In a first phase the biggest hurdle will be to have the patience to sit through unpleasant states of mind. If you survive in meditation long enough you get to the phase in which there are more and more pleasant states. Some of these can be so beautiful that they have nothing to do with ordinary life and one can easily get attached to them. Attachement however is tension, and that in itself prevents happiness. Pleasant states are also just part of the show, just like unpleasant ones. The idea is not to pursue pleasant states of mind.

As you continue practicing, meditation will be your guide to the most unpleasant and also to the most pleasant of states, and ultimately your inner spiritual master that will teach you equanimity in regard to both. That however is easier said than done! The full transcendence of these states equates with enlightenment. But even after a few weeks of regular meditation one will begin to see clear benefits, that will grow with practice. In other words, get comfortable and used to the idea that for a very long time to come you will continue dividing things into pleasant and unpleasant, and perhaps some that will be neutral.

So what do we usually do whith these things? Very simple: we pull the pleasant states/things to us, and push the unpleasant ones away. Again, this is a reflex that is extremely strong, and it is based on the incorrect view of happiness that states that happiness can be achieved by stringing together as many pleasant experiences in as little time as possible, at the same time completely avoiding unpleasant ones. This is obviously impossible and also if it were, it wouldn't be fulfilling in a deeper way.
What older students of this path gradually learn through time and experience, is to be more tolerant, less caught up in the quality of an experience and simply to see it as it is. That includes tolerance with one's own tendency to divide them up into pleasant and unpleasant. It is a totally humbling experience in which you accept that you are attached to an experience, and also accept that you are pushing another away. But you gradually develop more patience and tolerance to both, as well as to yourself as a person. You gradually become more open to whatever lies inside of you, an openness grounded in tolerance and acceptance. Zen therefore doesn't mean not having them, nor pushing them away, but accepting them in your experience like a humble and welcoming host opening the door to guests without judging them. The ultimate paradox is that when you become completely accepting and tolerant, in the end there is just silence and ultimate bliss. That is, when you stop pushing them away and are not concerned with them anymore, they also stop coming. So only when you give up on enlightenment and are completeley acepting of this world and these experiences, do they "go away". This is the final image so often associated wtih buddhism and Zen and portrayed everywhere. But the paradox is that you have to completely give it up in order to achieve it.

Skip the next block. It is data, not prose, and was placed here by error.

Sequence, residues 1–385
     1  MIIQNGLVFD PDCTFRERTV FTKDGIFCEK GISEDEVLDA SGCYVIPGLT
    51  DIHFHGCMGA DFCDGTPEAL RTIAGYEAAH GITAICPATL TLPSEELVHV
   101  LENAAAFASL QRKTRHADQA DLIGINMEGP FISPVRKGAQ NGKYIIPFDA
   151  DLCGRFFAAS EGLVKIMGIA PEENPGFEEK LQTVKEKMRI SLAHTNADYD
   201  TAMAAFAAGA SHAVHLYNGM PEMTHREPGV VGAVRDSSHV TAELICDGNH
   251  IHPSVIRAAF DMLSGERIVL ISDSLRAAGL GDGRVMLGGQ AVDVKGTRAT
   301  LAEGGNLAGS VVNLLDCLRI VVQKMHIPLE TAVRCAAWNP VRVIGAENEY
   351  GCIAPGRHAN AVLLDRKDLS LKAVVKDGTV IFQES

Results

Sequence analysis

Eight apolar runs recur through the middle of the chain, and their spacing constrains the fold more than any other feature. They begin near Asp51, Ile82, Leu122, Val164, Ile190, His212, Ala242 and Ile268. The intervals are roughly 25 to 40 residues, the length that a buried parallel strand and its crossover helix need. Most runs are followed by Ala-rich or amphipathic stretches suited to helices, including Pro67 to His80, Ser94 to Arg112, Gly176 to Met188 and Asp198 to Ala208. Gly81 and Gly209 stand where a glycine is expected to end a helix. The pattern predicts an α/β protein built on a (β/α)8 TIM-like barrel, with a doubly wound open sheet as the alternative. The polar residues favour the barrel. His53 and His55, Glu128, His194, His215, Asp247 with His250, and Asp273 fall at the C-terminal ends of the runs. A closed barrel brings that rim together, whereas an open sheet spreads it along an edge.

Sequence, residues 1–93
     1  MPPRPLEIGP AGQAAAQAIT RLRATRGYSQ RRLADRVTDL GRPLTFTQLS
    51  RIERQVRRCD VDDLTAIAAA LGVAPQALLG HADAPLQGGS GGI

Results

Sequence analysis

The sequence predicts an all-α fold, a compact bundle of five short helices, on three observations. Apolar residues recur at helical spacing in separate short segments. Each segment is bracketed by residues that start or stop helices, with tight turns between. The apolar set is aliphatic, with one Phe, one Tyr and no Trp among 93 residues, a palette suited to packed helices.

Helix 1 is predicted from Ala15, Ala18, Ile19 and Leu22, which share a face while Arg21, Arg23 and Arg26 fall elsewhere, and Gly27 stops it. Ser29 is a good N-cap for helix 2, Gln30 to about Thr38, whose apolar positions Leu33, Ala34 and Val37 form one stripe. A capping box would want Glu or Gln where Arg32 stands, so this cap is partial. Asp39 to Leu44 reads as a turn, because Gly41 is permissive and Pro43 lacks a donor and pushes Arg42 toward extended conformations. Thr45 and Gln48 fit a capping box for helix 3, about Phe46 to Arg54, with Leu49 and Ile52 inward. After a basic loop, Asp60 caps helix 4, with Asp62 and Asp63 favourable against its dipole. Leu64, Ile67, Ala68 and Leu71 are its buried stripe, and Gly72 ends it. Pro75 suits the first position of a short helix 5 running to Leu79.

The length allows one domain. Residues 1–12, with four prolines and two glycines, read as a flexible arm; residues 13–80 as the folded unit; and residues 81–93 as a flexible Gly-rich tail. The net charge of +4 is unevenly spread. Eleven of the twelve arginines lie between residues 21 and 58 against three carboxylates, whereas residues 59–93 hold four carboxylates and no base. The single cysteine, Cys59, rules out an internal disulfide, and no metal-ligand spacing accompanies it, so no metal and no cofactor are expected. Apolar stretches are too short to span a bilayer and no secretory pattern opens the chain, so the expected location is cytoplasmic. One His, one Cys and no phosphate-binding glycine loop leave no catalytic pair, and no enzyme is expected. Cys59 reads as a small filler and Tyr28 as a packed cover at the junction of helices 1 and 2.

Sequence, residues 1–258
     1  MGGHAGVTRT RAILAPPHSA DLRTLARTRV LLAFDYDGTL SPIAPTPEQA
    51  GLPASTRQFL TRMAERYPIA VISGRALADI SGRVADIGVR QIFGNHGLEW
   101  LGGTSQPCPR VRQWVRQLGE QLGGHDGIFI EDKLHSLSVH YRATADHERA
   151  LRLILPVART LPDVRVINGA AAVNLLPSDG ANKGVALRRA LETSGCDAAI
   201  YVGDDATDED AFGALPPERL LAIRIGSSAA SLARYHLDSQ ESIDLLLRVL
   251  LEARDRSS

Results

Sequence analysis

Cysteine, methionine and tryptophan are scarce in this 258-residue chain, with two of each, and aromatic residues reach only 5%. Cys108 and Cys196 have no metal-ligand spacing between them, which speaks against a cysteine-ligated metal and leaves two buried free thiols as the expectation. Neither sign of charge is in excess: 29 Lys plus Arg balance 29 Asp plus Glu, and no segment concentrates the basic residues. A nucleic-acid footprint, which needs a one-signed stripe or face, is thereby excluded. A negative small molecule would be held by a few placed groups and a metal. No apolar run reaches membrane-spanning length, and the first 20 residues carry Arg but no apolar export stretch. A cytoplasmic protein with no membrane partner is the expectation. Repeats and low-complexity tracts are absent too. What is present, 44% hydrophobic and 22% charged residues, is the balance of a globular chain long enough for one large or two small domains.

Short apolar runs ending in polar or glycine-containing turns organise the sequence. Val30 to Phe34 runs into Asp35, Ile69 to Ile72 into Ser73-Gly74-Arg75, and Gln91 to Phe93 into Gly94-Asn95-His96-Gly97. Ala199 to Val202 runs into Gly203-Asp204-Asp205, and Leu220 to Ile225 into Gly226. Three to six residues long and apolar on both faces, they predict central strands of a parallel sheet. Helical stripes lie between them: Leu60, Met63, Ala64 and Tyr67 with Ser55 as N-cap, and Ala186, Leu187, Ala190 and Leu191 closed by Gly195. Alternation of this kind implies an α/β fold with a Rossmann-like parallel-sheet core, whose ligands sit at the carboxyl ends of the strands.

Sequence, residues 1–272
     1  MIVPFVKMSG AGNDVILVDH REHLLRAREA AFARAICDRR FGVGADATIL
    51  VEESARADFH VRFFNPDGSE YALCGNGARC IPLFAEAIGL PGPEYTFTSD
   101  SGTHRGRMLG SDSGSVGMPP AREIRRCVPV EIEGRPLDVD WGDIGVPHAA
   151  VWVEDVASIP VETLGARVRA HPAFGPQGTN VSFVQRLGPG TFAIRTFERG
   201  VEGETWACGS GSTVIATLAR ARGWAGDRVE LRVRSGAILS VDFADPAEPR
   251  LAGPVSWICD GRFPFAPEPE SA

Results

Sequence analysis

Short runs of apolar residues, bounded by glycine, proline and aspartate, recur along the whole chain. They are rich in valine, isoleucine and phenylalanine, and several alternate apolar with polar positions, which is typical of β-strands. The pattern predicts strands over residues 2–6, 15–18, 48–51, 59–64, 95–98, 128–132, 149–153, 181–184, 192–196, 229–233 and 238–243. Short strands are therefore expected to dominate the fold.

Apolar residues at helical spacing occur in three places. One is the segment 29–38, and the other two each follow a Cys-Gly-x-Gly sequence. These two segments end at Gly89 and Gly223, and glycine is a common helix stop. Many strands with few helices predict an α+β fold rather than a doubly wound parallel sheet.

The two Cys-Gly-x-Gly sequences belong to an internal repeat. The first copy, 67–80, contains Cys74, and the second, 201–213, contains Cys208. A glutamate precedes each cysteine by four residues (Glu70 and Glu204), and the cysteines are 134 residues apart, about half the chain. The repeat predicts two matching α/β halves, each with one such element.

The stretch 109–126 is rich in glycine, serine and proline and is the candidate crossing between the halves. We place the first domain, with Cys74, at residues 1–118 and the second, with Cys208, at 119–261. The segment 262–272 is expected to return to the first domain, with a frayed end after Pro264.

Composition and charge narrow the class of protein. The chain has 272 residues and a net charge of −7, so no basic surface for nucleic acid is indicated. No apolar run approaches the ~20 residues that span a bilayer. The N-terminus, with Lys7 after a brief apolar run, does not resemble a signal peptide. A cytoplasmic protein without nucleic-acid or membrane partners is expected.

Laughing buddha

There is an interesting aspect of how buddhas are depicted in pictures or sculptures which is very typical of buddhism and how to go about things. The image just above is of a laughing buddha, called by some a japanese buddha. Further up, the buddha on a black background is an Indian buddha. They are very different in appearance. The indian one is very slim, sits in a perfect lotus posture, its spine erect, eyes closed, face serene but focused. One would associate it with the ascet achieving perfection. But the paradoxes we just talked about tell us that if we are very serious about achieving enlightenment, this only translates as attachment. Attachment means rejecting present reality and wishing for something that is not present, therefore unreal in this moment. That is not the way to achieve enlightenment. Actually enlightenment is the ultimate insight that we were never imperfect to begin with. We were simply "asleep", unaware. "the buddha" literally means the awoken one. So there is nothing to strive for. Therefore the laughing buddha is completely different from the indian buddha, in the desire to convey the message that one should not become too tensed up or attached to the idea of becoming enlightened, nor to the idea of perfection in any sense. Therefore he is very relaxed about life. He is not an ascet, he eats a lot and therefore is fat. He is not in a perfect posture, because he is aware that perfection does not lie in a posture. Perfection is everywhere, because there simply isn't anything imperfect in this universe. Enlightenment only means a change in the degree of awareness of everything, not in posture. And as he is very relaxed, he can enjoy the whole universe and doesn't take anything too seriously, and therefore is able to have a laugh.

So, my message to you - be like the laughing buddha. Don't tense up about things and don't take yourself too seriously. But be mature, and realise that if you are serious about making a change in your life that is aimed at taking you to a deeper understanding and a greater happiness, this will require commitment, effort and perseverence. Effort and perseverance to keep going past the aversion aimed at your worst nightmares and past the attachements to states out of this world. Zen is neither silence nor noise. Neither pleasant states, nor unpleasant ones. Zen is a tolerance and awareness that allows you to be in both, whilst untouched by any of them, yet in perfect awareness of them. And if in doubt, have a laugh!